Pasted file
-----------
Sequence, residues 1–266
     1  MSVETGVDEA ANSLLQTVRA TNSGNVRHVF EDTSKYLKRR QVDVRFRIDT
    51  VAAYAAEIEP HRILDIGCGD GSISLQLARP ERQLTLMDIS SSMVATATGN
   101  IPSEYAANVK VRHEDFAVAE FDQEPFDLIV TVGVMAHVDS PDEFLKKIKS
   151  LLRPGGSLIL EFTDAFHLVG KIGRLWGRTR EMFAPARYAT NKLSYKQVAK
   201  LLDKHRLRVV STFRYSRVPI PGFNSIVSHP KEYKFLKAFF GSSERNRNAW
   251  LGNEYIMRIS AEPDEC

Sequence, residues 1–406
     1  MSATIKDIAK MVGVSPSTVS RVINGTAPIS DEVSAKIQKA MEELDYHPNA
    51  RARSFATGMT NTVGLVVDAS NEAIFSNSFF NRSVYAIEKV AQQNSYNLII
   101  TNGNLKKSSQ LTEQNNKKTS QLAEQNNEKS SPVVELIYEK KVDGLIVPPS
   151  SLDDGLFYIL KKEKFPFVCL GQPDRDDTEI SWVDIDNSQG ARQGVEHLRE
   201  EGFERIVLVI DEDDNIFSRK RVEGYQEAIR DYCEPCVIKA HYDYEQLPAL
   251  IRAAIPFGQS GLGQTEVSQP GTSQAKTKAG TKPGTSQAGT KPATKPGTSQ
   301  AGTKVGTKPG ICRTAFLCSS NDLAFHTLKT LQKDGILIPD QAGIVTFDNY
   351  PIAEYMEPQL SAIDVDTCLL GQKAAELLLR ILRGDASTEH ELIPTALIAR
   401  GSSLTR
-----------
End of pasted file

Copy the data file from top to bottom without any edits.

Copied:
Sequence, residues 1–266
     1  MSVETGVDEA ANSLLQTVRA TNSGNVRHVF EDTSKYLKRR QVDVRFRIDT
    51  VAAYAAEIEP HRILDIGCGD GSISLQLARP ERQLTLMDIS SSMVATATGN
   101  IPSEYAANVK VRHEDFAVAE FDQEPFDLIV TVGVMAHVDS PDEFLKKIKS
   151  LLRPGGSLIL EFTDAFHLVG KIGRLWGRTR EMFAPARYAT NKLSYKQVAK
   201  LLDKHRLRVV STFRYSRVPI PGFNSIVSHP KEYKFLKAFF GSSERNRNAW
   251  LGNEYIMRIS AEPDEC

Sequence, residues 1–406
     1  MSATIKDIAK MVGVSPSTVS RVINGTAPIS DEVSAKIQKA MEELDYHPNA
    51  RARSFATGMT NTVGLVVDAS NEAIFSNSFF NRSVYAIEKV AQQNSYNLII
   101  TNGNLKKSSQ LTEQNNKKTS QLAEQNNEKS SPVVELIYEK KVDGLIVPPS
   151  SLDDGLFYIL KKEKFPFVCL GQPDRDDTEI SWVDIDNSQG ARQGVEHLRE
   201  EGFERIVLVI DEDDNIFSRK RVEGYQEAIR DYCEPCVIKA HYDYEQLPAL
   251  IRAAIPFGQS GLGQTEVSQP GTSQAKTKAG TKPGTSQAGT KPATKPGTSQ
   301  AGTKVGTKPG ICRTAFLCSS NDLAFHTLKT LQKDGILIPD QAGIVTFDNY
   351  PIAEYMEPQL SAIDVDTCLL GQKAAELLLR ILRGDASTEH ELIPTALIAR
   401  GSSLTR